House of Cards

May 27, 2016

The problem, as always, with the American remake of House of Cards is that it has no idea what it wants to be. Whatever it does try its hand at has been done better by other shows in recent memory. It’s out-camped by Scandal with its taste for Shakespearean-esque monologues and sex filled power plays; outflanked by Boss when it comes to violent malevolence, and its out-classed by The West Wing, who also best it in showing how the political sausage is made.

More importantly all these shows have characters you root for or against, but never forget. This overproduced and undercooked cover of a British classic, relies on Kevin Spacey’s flabby ham alone to grip. And his painful mincing as president Francis Underwood is so unlikeable, so flimsy and far-fetched you find it impossible to invest in his machinations and-more problematically, believe he could hoodwink anyone in Washington.

Since everyone else exists only to serve his purposes, with no autonomy of their own, we really don’t care what Frank does to them, or what threat they pose to him, no matter how often he confides in us via those fourth wall breaking monologues (delivered to camera like a sad old drag queen’s stab at Blanche DuBois).

Here was a chance to really show us what makes Underwood tick. Why he craves power? What he plans do with it when he has it? What effect his own actions have on him? Instead he lays venal plot atop venal plot, pure exposition, the facts of which become difficult to follow because there is just so dam many of them going on, discarded and revisited with what feels like whimsy.

Show-runner Beau Williamson never develops the central character beyond ‘oh matron’ revelations so House of Cards is run much like Donald Trumps campaign for president, giving viewers what the stats claim they want to see and hear, but nothing substantive or genuine.

The one person who’s made any impact beyond Spacey is Underwood’s Lady Macbeth, Claire (Robin Wright), a cigarette smoking ice princess. Oblique with hints of hurt slipping through, she gives us enough to pique our interest. But even she was, up until this point, only a sounding board for Frank, not a true confident. And too often her character behaved in a way that serviced whatever new plot was being thrust upon us, rather than in a manner in keeping with the character.

She left Underwood at the end of its truly terrible third series and it’s her growing independence that makes the fourth series of House of Cards it’s best. Finally, Frank has a rival we know will be treated as his equal… as she’s the only character who has featured prominently from the start.

While Clare goes toe to toe with Alecia Florick when it comes to job fidelity – in four years she’s been a UN ambassador, an NGO’s CEO, First Lady and now a prospective senator- undeniably she’s been her husband’s most valuable asset.

Now she’s a thorn in his side as he attempts to maintain his position of leader of the free world. And this crack in their veneer allows shards from his past to slip into his bloodstream and puncture his political ambitions.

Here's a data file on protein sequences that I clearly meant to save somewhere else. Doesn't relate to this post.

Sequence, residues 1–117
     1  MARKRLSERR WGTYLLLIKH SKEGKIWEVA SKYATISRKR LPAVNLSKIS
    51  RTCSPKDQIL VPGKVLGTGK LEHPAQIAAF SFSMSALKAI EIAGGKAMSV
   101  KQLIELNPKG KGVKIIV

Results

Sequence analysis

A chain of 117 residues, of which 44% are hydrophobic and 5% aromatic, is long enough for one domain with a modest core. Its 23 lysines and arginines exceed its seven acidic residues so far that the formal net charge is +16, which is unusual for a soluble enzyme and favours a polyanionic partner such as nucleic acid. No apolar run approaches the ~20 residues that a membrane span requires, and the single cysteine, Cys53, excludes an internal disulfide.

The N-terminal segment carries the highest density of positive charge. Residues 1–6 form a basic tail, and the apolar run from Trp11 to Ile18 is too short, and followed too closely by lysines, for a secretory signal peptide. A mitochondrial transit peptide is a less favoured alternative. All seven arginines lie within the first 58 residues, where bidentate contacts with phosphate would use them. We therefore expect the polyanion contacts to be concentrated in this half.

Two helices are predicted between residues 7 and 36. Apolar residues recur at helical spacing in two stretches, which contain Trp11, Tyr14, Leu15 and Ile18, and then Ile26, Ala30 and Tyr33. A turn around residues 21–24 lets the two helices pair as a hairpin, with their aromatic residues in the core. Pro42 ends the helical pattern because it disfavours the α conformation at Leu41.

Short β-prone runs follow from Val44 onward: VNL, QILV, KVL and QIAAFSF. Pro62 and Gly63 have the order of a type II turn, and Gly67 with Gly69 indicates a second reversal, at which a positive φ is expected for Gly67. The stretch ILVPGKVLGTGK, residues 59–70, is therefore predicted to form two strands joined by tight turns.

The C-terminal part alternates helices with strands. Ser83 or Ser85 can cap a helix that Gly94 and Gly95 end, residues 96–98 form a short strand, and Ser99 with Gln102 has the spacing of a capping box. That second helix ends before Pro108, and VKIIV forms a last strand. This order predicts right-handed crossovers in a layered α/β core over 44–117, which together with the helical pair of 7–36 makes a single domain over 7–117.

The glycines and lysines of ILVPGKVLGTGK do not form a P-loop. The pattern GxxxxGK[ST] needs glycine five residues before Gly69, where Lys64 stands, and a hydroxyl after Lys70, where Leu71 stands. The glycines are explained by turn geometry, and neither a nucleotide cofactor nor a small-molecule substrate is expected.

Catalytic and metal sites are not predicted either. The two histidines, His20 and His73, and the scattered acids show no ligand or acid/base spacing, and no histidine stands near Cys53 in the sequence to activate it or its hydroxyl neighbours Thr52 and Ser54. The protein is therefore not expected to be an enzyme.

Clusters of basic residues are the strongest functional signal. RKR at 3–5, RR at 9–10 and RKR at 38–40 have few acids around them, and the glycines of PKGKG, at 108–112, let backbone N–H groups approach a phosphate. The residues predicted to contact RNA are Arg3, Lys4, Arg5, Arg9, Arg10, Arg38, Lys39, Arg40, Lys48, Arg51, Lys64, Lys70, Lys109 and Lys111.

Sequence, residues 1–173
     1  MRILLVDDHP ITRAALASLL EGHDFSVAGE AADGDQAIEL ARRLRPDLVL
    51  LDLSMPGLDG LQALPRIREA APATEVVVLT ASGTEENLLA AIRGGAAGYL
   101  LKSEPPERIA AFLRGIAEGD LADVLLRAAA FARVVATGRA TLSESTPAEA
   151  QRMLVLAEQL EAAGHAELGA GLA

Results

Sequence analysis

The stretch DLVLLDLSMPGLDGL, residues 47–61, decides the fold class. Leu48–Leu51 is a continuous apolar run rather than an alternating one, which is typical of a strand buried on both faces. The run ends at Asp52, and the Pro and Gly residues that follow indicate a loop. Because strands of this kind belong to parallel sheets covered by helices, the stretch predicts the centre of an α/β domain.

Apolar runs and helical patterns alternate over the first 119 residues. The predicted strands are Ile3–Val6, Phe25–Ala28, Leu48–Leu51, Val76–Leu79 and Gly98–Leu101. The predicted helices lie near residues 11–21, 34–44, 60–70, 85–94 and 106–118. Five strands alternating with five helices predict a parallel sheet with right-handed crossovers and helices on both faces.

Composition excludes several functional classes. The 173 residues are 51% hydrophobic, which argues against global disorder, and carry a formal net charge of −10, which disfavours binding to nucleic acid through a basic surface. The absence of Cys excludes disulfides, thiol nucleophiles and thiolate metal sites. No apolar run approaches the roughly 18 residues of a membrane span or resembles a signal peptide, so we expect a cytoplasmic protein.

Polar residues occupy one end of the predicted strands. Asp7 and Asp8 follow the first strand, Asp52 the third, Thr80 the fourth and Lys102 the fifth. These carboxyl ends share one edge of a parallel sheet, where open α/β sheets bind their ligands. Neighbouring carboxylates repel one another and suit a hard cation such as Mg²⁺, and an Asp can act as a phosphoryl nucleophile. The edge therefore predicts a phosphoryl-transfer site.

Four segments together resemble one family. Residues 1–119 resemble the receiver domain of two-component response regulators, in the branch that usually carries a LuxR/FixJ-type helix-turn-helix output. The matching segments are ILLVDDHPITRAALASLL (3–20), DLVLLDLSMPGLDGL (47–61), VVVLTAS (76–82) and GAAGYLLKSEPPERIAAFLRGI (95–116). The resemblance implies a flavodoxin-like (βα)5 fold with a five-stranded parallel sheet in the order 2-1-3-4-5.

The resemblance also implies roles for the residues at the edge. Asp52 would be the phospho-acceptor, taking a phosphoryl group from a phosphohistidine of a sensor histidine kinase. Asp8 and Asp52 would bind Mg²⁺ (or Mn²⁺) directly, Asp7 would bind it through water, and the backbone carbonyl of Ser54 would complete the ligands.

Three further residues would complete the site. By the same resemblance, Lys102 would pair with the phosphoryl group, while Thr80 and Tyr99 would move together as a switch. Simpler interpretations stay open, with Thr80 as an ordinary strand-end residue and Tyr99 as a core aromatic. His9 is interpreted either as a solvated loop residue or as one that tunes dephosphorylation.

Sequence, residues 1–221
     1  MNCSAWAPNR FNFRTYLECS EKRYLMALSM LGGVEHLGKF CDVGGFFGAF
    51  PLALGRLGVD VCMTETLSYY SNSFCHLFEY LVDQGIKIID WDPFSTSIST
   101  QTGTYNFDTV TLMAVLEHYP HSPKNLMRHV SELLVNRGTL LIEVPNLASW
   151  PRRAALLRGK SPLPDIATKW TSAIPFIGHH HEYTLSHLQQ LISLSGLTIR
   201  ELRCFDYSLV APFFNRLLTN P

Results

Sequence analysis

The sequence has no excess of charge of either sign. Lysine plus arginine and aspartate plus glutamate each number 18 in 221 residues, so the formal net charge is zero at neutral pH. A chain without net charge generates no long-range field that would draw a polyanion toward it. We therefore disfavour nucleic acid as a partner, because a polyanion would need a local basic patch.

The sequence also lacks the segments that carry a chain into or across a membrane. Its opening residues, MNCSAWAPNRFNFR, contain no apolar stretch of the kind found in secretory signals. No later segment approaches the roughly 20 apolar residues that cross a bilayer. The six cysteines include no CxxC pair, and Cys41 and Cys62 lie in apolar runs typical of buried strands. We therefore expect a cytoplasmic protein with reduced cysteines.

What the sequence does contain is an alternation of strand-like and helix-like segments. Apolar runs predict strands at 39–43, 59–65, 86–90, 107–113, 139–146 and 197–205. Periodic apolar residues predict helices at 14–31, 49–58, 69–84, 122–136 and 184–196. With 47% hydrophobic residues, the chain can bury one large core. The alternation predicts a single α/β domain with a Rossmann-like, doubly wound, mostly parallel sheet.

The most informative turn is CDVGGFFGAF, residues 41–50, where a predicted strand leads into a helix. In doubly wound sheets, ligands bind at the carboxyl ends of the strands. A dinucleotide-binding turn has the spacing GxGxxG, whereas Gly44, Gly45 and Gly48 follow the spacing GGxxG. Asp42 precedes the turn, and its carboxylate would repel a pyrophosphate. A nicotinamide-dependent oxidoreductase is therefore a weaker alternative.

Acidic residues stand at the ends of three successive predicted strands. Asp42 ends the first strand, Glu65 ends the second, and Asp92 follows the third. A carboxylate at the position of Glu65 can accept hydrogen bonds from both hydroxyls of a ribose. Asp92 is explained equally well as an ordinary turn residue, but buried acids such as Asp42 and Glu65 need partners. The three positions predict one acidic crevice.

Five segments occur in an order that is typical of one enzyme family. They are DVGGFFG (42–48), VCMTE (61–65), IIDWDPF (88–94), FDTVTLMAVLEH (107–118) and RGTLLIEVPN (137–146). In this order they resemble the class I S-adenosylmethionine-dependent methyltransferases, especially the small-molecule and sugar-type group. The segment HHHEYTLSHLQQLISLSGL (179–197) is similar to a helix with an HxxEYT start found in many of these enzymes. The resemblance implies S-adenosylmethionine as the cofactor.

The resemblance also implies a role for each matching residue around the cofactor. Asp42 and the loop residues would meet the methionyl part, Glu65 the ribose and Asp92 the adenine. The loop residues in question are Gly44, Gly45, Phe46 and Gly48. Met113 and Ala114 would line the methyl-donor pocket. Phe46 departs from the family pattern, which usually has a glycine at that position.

The investigation started by Zoe Barnes is brought to a head, where Williamson shows that hacks can sink lower than just fucking for stories.

This in turn allowed some of the power brokers and power craven who Underwood squashed on the way up to make a stab at revenge. While the pawns who have benefited from his ascent realise that the Queen has left the King exposed.

There’s little pleasure to be derived from watching his rivals for the democratic nomination (Elizabeth Marvel) and the actual presidency (Joel Kinnaman) attempting to take him down. They are never developed enough to ever pose a real threat. But, in two glorious Spacey free episodes in the series midsection, House of Cards really takes flight and shows potential for recovery, and that’s cause it’s all about Clare.

Unfortunately all the new characters introduced fall the same way past characters did. Academy-Award winner Ellen Burstyn rehashes her Flowers in the Attic shtick to great, Gothic effect as Claire’s lizard killing mater, while Academy-Award nominee Cicely Tyson is a retiring senator whose seat Claire is chasing. But their characters leave no trace when their arc is up. The always watchable Neve Campbell does manage to disguise the fact that her character exists only to give the shows most useless goon, Doug Stamper, something to moon over, but she too is wasted.

While the unintentionally hilarious dream sequences, which try so hard for the malevolent oddity of Twin Peaks, instead end up like that time Ailsa saw Bobby’s ghost in the fridge in Home and Away.

It’s another sign the show doesn’t know what it wants to be so it tries a little bit of everything, like a kid at a soda fountain, leaving the viewers with a fizzy, tasteless mess.

The aforementioned Donald Trump has shifted the post when it comes to political dramas showing what is genuinely possible while still passing itself off as a naturalistic drama. But there are very clear sociological reasons for the Trump phenomenon. House of Cards has no such interest in exploring the world that allows the Underwood’s to come into being.

It’s all devious, betrayal, all the time. If you’ve stuck with it up until now, you’ll get more of the same, slightly better than before, but it is still in no way good enough.


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